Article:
At the moment, my hair is longer than it has ever been. It has reached the point where I can no longer braid it without bringing it forward over my shoulder. It is so long that when I roll over at night, it gets caught under my shoulders and needs to be pulled free. Sometimes I worry about snagging it in the weight equipment at the gym. And I adore it! Because just recently I realized that I have my grandmother's hair. When I pull it into a bun it has to be wound at least four times and with each twist I think of my grandmother and smile.

Someone once told me that I was lucky I was still young enough to wear my hair long, because at her age (40-ish) it just wasn't acceptable to do that anymore. Hah! My grandmother was 84 when she died, and I assume her hair was as long as ever. How cool is that?

Although there are still moments I think it might be nice to have a nose job, by-and-large I have "grown into" my face and my grandmother's nose suits me. Not the inheritance I might have chosen, perhaps. Her hair, on the other hand, I adore, just as I did in those childhood moments at the cabin. I am grateful to have it and I only hope I can do it justice.

And anyway, wearing my hair long makes my nose look smaller.

Wednesday, May 21, 2008

Box of Bees

I dreamt I was holding a box, perhaps the size of a child's shoebox. I don't remember receiving the box, but I knew I'd gotten it from my father. It contained bees. A new hive, partially built, housing mostly larval bees and a few young adults. The hive had grown considerably since it had first been found--it had then been maybe the size of a finger. But it was growing rapidly. I could expect the hive to double in size in the very near future and, it would seem, nearly all at once. If I didn't find a larger box soon, the hive would literally explode sending a swarm of angry bees on the rampage.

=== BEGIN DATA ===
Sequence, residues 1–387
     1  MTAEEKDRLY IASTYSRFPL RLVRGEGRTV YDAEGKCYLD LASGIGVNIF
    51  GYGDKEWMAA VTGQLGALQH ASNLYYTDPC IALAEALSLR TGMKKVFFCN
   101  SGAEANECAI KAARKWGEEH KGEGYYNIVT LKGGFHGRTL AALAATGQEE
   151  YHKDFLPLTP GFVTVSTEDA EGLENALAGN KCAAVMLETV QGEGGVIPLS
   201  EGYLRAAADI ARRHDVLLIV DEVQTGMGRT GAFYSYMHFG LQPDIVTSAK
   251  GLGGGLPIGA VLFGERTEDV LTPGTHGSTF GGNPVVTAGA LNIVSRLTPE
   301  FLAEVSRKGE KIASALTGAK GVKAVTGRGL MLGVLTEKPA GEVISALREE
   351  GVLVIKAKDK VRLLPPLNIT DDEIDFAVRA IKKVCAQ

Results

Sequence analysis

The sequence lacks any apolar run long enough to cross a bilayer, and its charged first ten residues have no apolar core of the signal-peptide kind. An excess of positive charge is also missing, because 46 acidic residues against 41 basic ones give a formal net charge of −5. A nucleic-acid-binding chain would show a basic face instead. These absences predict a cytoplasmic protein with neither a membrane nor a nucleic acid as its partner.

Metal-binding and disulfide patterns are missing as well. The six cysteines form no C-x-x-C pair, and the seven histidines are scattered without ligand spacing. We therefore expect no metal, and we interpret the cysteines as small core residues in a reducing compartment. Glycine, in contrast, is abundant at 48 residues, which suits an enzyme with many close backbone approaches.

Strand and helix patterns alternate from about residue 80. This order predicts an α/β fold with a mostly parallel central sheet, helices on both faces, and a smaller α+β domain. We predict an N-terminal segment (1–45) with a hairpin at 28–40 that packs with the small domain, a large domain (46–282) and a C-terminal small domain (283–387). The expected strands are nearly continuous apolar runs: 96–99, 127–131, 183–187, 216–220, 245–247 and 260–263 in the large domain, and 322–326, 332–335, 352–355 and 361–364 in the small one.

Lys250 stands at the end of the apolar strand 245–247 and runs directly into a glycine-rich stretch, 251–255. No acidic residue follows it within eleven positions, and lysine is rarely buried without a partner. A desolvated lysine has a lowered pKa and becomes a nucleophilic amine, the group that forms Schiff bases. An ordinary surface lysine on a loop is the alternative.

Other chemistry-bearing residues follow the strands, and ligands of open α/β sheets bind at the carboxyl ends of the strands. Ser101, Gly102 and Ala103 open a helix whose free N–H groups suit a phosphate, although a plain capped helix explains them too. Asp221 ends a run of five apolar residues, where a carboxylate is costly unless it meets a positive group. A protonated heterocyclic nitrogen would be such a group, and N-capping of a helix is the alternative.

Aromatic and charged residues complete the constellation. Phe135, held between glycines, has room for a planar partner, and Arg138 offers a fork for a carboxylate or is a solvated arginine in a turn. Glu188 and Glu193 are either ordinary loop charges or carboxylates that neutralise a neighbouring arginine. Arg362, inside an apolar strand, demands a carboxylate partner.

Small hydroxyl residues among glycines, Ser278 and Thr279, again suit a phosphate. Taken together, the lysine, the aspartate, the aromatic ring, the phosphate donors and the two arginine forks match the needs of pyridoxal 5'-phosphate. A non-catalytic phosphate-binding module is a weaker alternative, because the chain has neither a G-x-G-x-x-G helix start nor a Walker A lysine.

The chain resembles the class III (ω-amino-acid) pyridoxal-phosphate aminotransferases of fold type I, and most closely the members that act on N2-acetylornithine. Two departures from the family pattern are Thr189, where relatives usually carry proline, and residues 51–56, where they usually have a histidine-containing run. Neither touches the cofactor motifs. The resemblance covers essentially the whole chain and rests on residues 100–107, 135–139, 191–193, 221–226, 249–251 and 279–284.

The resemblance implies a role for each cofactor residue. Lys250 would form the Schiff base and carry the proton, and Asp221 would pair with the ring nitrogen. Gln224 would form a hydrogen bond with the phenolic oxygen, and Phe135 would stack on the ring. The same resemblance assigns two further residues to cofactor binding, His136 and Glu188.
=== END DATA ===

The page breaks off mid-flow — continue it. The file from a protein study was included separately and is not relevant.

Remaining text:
I held the box deliberately between my hands as I and a couple others walked through a quiet wood. Although I can still remember the beauty of the forest, in the dream I was too distracted by the box to enjoy the reverent hush. The box was my responsibility: whatever happened to the hive was up to me. My burden made me very nervous, for I am none too fond of bees. As a biologist, I can certainly appreciate them, but as a person who has been stung more than once, I am wary and mistrustful of them. When it came down to it, what I wanted most was to be rid of the box completely.